- The USDA will pay out more than $4.8B this year to farmers enrolled in its federal safety-net and conservation programs, offering some respite to growers facing a multiyear slump in the agricultural economy. Huge corn and soybean harvests are weighing on crop prices this year, while retaliatory tariffs from major US trading partners have slowed the flow of key farm goods into international markets. The annual payments come as food producers also confront "more hurricanes, wildfires, droughts, floods, and even lava flows," according to USDA Secretary Sonny Perdue. They are in addition to the nearly $5B the USDA has already pledged to pay farmers to compensate them for damage tariffs are doing to their businesses.
- Fitch Ratings says it does not expect Venezuela's government to implement or even propose an economic stabilization program in the near term as President Maduro's focus remains fixed on maintaining control over his troubled leftist political movement. Since declaring victory in May elections, Maduro has so far held out thanks to loyalty among the armed forces and divisions between his political rivals, Fitch notes. Thus Maduro is unlikely to take drastic economic measures that may upset his base. Since the end of last year, Venezuela's government has defaulted on $3.8B in bonds, while national oil company PdVSA has also missed debt payments totaling $1.7B. "Even if the government chooses to try to resolve the default, Fitch believes a resolution will be protracted..."
- Oil prices edged up Monday amid mounting U.S.-Saudi Arabia tensions following the disappearance of a dissident Saudi journalist two weeks ago. Some investors are speculating the Saudis could use oil as a weapon if the U.S. were to impose sanctions on the Kingdom over the journalist's alleged murder. But Caroline Bain, chief commodities economist at Capital Economics, does not expect Saudi Arabia to cut oil output, "not least because it will want to preserve the 'anti-Iran axis' with the U.S." However, she writes in a note that "if Saudi Arabia were to cut output by 25% (as it did in the 1970s, the only other time it has cut production for political rather than economic reasons), the market would fall into a significant deficit and prices would soar." She predicted crude prices could climb to $150 a barrel. Brent crude was trading up 0.11%, at $80.52 a barrel in afternoon trade.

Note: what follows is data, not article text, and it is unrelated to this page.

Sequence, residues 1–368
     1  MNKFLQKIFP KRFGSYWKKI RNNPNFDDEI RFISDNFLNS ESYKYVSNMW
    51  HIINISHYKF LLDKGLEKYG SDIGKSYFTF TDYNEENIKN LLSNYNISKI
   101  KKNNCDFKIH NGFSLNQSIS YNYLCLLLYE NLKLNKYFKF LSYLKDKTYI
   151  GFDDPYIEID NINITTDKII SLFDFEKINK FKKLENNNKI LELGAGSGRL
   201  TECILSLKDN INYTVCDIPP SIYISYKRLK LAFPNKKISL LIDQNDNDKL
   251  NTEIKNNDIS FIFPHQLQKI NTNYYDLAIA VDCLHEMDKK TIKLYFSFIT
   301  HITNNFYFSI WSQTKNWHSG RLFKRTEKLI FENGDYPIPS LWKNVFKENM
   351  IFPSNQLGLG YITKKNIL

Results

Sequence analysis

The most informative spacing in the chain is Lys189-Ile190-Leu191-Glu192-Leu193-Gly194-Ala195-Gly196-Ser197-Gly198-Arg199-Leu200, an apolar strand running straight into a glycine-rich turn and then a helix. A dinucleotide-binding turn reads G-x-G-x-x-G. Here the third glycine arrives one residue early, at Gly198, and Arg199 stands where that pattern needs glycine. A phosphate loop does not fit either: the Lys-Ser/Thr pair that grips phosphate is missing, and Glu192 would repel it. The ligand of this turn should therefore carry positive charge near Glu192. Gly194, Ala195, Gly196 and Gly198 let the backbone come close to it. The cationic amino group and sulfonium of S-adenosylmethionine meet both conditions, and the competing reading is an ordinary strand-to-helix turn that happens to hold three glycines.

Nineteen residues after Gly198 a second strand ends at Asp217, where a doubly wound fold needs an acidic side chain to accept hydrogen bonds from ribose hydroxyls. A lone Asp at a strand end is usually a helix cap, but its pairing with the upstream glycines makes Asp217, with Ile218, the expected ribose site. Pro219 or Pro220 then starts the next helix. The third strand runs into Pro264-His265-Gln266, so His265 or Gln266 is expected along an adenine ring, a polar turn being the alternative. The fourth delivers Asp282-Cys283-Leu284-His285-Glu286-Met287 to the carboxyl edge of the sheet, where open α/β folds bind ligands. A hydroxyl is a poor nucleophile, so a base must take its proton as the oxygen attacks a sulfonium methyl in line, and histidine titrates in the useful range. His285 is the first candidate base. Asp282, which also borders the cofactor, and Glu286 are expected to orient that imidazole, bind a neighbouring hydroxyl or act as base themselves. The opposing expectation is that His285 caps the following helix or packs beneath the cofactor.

- Former Fed Chairwoman Janet Yellen says President Trump's criticism of the Fed's moves to raise short-term interest rates are counterproductive during an appearance at an industry convention in Washington. "I don't believe that President Trump's comments will change what the Fed is doing," she tells mortgage bankers. Yellen ticks off a list of reasons why such comments can rattle markets' confidence in the Fed's commitment to keeping inflation contained. "Obviously presidents can speak out if they choose to and give their opinion about policy. There's no law against that. But I don't think it's wise," she says.